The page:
Cellphones No Luxury, Says WASPA
South Africa’s stalling economy needs decisive action to develop the positive relationship between economic growth and cellular usage. The GSM Association found that every doubling of mobile data use adds a solid 0.5 percentage points to Gross Domestic Product (GDP) and yet the SA Revenue Service (SARS) classifies cellphones as luxury items.
South Africa’s Wireless Application Service Providers’ Association (WASPA) believes that mobile use needs to be encouraged because there is a strong relationship between mobile data usage and economic growth. Unfortunately, while cellphone handsets enable this GDP-boosting data usage, smartphones attract ad valorem duty, plus 14% VAT, when imported into the country. WASPA represents the interests of some 300 providers of mobile content and applications that can be accessed on smartphones and feature phones.
WASPA believes that a luxury item is not something that has become the first permanent address for millions, enabling them to be included in the wider economy for the first time as job seekers, grant recipients and more. Recent news reports indicate the local economy is in for a sustained downward slide. One example of what’s holding South Africa back from being where it should be is the long defunct view that a mobile phone is a luxury.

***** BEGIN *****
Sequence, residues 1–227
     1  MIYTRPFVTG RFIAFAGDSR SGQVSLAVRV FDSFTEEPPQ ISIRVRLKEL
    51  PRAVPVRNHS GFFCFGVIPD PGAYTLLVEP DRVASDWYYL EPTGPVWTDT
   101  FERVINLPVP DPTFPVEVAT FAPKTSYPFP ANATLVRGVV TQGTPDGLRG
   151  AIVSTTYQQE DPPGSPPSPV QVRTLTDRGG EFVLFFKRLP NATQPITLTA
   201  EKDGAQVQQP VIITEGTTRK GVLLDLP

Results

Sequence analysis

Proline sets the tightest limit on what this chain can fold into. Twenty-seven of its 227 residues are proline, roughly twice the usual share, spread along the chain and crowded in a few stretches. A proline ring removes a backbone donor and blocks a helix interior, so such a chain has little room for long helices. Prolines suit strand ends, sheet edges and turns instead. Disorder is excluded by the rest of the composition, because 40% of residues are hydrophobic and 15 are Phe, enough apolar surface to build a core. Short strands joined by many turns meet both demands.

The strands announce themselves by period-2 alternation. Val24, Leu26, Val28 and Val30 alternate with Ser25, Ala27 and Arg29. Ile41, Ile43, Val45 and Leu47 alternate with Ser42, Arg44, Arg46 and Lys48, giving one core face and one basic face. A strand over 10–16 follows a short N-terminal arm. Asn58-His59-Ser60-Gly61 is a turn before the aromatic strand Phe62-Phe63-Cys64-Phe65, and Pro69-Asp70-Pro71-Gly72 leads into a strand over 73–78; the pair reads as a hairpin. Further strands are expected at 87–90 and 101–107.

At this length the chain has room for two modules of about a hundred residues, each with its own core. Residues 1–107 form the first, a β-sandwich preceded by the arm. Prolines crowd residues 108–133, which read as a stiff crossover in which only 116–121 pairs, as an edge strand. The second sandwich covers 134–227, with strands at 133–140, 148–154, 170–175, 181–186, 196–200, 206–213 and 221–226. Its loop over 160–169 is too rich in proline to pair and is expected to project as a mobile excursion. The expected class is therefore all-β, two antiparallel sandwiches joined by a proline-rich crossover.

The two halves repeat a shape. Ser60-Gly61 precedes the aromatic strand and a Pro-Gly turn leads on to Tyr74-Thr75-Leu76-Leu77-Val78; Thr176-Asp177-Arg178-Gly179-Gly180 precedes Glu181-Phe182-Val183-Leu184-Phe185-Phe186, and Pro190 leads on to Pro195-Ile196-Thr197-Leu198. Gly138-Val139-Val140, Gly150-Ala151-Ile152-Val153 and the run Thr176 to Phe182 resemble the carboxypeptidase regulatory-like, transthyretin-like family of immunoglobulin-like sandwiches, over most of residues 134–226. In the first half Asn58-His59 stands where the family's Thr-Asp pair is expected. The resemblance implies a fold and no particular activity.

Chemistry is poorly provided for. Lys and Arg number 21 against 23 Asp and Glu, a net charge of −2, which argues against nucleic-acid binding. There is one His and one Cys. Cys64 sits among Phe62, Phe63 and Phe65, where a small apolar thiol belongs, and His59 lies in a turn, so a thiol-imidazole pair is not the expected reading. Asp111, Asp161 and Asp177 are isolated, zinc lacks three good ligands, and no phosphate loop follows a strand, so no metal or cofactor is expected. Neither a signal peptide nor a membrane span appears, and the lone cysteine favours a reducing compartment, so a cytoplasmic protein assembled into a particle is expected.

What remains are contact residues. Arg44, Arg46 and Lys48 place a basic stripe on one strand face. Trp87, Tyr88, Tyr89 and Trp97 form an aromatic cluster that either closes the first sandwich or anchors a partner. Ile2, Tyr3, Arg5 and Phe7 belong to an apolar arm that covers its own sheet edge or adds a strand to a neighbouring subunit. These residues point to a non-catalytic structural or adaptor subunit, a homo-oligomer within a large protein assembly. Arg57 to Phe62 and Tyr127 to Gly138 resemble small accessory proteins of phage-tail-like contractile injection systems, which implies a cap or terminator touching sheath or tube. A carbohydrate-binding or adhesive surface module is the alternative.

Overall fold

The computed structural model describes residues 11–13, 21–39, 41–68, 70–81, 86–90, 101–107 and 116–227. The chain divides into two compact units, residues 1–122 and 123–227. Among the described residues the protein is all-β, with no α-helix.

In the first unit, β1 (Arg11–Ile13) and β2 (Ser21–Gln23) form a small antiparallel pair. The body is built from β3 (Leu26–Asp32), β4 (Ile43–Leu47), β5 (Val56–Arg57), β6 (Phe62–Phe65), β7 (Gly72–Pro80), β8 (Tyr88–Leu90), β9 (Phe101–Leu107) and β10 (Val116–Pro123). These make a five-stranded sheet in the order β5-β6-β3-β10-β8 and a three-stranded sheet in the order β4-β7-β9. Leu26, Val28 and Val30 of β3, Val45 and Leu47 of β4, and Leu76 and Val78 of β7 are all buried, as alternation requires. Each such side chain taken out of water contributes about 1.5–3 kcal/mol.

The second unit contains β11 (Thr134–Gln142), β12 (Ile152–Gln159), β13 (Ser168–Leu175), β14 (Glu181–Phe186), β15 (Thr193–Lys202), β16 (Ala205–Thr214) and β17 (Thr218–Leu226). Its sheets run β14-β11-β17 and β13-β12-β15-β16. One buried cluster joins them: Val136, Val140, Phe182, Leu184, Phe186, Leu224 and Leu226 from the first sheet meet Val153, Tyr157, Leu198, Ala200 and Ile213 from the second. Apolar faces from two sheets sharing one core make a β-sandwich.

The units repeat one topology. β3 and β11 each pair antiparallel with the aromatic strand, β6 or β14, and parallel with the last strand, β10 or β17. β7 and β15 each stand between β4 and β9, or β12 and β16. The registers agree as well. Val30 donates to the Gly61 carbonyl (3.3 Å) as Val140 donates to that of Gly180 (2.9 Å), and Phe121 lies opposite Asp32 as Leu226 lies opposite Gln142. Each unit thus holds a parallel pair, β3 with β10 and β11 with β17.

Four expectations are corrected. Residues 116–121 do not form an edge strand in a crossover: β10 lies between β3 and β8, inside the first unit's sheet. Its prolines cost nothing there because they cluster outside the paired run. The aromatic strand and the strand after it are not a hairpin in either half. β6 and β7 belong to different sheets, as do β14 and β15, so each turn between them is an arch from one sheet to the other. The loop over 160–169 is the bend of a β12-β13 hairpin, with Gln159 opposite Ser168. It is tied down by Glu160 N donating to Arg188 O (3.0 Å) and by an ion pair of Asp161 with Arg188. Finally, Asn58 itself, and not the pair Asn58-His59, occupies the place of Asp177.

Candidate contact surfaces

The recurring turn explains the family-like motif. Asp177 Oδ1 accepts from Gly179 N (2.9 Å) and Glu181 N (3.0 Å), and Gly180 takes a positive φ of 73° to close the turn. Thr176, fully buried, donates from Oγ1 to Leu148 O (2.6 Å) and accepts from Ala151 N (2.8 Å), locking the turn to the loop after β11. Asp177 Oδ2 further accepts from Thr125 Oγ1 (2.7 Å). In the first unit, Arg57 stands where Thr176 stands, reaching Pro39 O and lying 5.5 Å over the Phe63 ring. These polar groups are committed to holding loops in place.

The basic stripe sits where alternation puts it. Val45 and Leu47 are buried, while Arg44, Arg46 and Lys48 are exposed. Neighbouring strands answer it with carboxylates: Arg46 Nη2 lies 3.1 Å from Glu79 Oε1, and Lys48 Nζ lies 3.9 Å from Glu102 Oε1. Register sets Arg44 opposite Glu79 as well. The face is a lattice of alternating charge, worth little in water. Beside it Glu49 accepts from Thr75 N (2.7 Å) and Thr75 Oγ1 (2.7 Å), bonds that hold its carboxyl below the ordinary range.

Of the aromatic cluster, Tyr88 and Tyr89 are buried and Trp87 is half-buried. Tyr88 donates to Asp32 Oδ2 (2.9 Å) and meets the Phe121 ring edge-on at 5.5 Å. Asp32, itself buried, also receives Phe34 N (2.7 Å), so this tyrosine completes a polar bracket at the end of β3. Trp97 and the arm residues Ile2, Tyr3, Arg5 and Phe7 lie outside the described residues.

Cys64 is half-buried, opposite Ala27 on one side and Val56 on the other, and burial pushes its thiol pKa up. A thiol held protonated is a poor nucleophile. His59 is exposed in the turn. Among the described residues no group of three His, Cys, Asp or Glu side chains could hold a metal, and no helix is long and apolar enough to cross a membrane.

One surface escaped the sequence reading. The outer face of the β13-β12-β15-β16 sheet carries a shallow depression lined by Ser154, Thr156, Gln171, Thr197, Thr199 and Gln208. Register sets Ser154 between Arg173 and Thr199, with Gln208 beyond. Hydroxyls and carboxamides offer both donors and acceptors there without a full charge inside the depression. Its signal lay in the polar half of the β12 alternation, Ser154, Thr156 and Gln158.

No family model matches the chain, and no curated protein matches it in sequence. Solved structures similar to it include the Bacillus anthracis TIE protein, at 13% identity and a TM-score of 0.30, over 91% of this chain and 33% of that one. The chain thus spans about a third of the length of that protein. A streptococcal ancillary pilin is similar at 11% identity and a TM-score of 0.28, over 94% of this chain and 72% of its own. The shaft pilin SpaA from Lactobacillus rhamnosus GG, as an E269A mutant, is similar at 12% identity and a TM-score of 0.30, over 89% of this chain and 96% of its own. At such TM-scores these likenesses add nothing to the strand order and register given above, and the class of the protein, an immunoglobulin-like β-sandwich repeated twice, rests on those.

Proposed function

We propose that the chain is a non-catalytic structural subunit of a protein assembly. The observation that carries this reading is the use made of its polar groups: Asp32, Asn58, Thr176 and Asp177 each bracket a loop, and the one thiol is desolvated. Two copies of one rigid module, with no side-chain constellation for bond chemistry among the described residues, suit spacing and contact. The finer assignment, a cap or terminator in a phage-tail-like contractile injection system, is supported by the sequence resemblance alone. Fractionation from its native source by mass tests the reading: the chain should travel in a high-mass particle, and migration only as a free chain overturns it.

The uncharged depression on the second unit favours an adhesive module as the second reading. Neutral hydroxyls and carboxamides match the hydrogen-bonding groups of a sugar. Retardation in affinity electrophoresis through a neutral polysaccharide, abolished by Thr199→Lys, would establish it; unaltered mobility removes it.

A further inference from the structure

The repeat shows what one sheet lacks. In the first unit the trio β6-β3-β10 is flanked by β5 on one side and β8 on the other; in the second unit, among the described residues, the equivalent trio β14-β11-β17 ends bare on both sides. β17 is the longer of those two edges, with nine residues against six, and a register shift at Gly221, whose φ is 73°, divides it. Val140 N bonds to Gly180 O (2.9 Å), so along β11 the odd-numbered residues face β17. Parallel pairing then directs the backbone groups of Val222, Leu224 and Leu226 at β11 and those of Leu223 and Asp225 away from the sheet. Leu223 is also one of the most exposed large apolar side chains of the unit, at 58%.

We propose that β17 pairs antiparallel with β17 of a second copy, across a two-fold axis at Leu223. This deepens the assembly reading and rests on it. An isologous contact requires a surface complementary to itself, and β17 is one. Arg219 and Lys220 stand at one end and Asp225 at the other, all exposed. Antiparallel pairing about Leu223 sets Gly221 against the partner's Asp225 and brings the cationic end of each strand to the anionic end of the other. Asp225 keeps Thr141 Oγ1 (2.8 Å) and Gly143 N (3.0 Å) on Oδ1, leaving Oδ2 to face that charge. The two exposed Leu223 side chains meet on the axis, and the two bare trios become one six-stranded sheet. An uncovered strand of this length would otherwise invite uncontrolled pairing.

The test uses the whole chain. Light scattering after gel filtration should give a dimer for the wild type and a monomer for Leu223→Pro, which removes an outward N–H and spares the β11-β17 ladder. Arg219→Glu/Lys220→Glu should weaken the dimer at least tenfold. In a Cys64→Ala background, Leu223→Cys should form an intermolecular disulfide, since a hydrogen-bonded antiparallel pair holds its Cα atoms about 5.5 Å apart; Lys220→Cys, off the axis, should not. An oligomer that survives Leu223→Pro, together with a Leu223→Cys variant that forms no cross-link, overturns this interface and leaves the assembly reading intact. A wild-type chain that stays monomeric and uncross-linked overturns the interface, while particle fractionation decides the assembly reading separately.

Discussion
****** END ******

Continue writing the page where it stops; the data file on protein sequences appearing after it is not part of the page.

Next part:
On why mobile in general and mobile data usage in particular are good for country economies, WASPA believes there are three primary reasons for this. Mobile technology enables greater efficiencies. Essentially, more can be achieved using the same time and resources. Mobile also sparks layers of creativity that see greater human ingenuity with each successive technological advance. Finally, mobile encourages consumption which, in a retail-led economy such as ours, keeps cash registers full and employment positions filled.
Economics notwithstanding, the Bill of Rights as enshrined in Chapter Two of the South African Constitution states that everyone has the right to “security of the person”, “freedom of expression”, “freedom of association” and “access to information”, amongst other inalienable rights. WASPA’s view is that these basic rights are enhanced by ready access to the kind of mobile communications enabled by cellphones.
“A mobile handset is a tool which allows ordinary people to interact with prospective employers while searching for job opportunities in the most efficient way. A mobile handset, and a smartphone in particular, is more valuable to the one quarter of unemployed citizens than any employment agency. In addition, the security-enhancing features of smartphones cannot be denied,” WASPA concluded.
As an involved local mobile industry player, WASPA’s remit also includes a consumer protection element. Every one of the Association’s almost 300 members are expected to subscribe to, and uphold, the provisions of the WASPA Code of Conduct. Please visit www.waspa.org.za for further information.